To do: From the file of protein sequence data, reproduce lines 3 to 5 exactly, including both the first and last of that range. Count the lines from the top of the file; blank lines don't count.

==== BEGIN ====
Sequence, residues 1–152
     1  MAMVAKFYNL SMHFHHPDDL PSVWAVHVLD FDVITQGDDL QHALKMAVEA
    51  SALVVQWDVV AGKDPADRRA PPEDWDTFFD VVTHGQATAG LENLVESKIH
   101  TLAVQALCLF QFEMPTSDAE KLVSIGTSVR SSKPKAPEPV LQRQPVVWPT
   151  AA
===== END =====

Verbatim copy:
    51  SALVVQWDVV AGKDPADRRA PPEDWDTFFD VVTHGQATAG LENLVESKIH
   101  TLAVQALCLF QFEMPTSDAE KLVSIGTSVR SSKPKAPEPV LQRQPVVWPT
   151  AA